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Updated Editor’s Note 11/7/2017 – In an effort to further commit to our editorial vision of quality content about nothing but games or the industry, we are leaving this note here to let you know that this article does not meet the standards of that vision as it exists today. This article may be poorly written, or it may be well-written but with charged political content, which we have stepped away from. It’s not the ideas we have a problem with, as we do not discourage any viewpoint, we are just moving away from this sort of content. This article no longer represents TechRaptor’s editorial vision today and into the future. You can read more about why we are doing this here.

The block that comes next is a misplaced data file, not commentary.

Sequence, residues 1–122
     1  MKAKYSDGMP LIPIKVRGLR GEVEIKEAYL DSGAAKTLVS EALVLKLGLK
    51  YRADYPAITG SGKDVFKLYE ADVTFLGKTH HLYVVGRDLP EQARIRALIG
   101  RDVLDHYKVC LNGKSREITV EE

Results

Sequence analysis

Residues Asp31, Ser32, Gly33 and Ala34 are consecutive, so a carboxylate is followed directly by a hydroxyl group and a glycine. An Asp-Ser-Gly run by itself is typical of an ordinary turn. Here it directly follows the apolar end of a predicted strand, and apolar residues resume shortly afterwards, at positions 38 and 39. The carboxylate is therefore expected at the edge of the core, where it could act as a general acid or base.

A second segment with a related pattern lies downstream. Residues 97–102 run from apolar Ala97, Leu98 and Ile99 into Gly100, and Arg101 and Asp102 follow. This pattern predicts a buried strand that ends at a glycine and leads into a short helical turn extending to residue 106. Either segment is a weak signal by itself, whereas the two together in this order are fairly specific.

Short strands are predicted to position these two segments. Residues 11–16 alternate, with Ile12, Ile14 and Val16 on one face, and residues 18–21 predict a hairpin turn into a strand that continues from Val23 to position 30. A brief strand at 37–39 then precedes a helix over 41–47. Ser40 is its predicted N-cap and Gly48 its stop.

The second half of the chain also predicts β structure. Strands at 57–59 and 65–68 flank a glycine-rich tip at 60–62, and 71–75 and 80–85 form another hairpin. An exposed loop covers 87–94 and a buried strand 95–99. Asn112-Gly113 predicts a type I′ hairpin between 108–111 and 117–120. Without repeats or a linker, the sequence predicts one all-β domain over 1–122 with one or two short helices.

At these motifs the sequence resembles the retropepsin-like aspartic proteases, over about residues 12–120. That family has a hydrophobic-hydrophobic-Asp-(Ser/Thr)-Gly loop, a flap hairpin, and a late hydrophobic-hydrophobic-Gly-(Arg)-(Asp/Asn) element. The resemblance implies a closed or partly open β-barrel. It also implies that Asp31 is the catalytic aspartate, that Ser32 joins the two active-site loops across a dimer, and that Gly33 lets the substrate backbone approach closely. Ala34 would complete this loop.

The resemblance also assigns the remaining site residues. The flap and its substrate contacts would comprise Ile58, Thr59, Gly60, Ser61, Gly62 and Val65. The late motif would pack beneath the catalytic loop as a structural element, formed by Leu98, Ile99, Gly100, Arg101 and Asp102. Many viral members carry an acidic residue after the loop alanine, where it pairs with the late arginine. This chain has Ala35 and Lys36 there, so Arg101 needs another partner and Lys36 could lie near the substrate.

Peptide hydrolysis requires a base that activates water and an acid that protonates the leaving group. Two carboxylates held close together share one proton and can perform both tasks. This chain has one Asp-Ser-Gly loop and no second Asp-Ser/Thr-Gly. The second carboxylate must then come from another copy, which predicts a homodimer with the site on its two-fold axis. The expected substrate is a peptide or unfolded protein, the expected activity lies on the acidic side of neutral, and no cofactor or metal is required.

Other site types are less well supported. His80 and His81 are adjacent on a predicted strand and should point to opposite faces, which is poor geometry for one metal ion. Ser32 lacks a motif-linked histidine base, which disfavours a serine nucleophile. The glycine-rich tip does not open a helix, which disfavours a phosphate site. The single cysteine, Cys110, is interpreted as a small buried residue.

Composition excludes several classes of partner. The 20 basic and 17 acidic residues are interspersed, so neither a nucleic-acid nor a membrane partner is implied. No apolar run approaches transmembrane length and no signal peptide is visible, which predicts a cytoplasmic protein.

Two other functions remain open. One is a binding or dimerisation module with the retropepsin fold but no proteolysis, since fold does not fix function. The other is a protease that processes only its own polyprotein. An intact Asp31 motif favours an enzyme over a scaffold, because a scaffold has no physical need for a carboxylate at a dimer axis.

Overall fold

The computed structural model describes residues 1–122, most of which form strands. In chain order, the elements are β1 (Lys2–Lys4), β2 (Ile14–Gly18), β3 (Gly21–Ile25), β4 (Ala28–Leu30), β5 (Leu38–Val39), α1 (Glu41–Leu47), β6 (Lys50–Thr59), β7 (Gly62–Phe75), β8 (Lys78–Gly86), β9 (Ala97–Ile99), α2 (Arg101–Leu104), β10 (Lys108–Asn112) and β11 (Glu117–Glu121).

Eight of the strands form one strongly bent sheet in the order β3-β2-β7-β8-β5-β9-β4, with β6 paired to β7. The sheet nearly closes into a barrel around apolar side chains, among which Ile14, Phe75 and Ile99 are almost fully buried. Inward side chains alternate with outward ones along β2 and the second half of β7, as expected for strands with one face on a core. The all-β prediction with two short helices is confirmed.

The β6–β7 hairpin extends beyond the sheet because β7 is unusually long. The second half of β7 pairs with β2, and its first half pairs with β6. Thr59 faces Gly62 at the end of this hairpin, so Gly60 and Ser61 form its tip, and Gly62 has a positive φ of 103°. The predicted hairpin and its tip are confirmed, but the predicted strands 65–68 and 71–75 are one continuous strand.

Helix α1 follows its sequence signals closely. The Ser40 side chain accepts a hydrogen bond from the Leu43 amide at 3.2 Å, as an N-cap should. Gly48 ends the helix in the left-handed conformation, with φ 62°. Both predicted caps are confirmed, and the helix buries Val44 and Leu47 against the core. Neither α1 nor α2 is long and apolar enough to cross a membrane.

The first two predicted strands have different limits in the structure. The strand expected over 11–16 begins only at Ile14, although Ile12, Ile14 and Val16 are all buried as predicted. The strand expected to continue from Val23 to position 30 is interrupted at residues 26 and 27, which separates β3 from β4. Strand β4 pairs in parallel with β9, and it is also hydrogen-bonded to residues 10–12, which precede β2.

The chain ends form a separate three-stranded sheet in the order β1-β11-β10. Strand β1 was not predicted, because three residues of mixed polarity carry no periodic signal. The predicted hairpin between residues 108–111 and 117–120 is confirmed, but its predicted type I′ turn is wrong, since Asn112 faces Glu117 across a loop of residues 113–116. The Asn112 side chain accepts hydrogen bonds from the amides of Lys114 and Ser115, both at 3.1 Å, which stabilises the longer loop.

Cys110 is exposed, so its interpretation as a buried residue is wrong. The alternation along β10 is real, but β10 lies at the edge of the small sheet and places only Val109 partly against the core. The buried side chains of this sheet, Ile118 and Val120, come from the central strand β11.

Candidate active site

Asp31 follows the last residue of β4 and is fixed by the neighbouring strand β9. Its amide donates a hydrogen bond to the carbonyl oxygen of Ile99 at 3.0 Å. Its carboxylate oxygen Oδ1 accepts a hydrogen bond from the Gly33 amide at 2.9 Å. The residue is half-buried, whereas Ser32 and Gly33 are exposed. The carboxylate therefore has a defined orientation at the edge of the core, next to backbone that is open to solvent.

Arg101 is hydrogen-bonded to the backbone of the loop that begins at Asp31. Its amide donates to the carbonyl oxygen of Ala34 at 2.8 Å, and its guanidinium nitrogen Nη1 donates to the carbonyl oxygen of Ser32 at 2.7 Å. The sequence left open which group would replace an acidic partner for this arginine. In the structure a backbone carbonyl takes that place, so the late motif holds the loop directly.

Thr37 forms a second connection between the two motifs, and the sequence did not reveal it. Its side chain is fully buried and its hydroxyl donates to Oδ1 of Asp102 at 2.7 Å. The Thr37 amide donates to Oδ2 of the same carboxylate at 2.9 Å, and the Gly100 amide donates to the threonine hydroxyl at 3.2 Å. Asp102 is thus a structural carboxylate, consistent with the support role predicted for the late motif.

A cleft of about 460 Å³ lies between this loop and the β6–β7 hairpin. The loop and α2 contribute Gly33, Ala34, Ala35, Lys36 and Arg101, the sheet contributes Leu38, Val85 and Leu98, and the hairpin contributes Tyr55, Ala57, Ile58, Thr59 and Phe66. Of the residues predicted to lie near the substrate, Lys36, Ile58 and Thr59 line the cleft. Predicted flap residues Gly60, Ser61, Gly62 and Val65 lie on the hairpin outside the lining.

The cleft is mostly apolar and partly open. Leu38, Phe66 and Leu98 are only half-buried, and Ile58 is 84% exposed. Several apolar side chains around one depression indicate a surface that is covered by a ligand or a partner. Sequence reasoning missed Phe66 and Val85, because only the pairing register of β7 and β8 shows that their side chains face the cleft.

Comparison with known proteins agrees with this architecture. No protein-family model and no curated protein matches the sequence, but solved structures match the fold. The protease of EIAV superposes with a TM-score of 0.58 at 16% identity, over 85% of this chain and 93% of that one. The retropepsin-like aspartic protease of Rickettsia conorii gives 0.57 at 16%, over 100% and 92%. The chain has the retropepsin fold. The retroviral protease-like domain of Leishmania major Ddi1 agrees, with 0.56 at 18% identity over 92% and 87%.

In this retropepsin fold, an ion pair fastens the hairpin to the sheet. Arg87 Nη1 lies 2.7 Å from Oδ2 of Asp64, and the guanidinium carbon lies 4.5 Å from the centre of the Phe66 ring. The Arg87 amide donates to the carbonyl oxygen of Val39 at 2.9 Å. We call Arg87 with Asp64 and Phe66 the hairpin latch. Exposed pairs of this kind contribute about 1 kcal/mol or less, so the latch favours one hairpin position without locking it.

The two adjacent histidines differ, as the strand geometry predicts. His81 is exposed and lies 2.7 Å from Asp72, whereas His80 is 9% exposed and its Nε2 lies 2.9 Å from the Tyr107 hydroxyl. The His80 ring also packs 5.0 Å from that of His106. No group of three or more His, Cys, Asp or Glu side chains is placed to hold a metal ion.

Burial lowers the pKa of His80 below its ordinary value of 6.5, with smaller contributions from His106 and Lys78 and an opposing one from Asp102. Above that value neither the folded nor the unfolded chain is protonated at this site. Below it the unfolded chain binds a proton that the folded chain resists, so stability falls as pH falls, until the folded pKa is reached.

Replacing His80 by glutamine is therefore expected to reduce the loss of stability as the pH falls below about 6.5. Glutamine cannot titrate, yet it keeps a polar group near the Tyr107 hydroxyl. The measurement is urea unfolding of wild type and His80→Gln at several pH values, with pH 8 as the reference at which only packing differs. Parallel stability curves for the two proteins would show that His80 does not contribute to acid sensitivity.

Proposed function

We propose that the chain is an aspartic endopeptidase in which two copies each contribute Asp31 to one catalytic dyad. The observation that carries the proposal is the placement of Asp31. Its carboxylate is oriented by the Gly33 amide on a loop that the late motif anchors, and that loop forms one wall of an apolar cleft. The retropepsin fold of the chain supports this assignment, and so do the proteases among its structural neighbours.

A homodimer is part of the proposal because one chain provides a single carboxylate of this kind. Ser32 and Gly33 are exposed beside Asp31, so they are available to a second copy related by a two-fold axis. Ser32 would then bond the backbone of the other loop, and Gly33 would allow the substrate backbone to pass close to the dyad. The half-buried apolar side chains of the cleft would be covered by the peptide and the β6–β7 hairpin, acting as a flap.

Writer’s note: I have chosen not to link directly to any articles here in order to reduce the harassment of those involved. I researched this article myself and through information sourced to me, by asking my twitter followers and readers of /r/KiA. I would like to thank everyone who helped me, all opinions are as ever my own.

Over the past few months, people have been discussing corruption in video games media loudly on consumer based websites such as YouTube, Reddit, and Twitter. Silence in the mainstream media is because it is the source of the controversy.  No-one has been at the centre of this controversy more than Kotaku, a video-gaming and geek culture website owned by Gawker media, for its questionable practices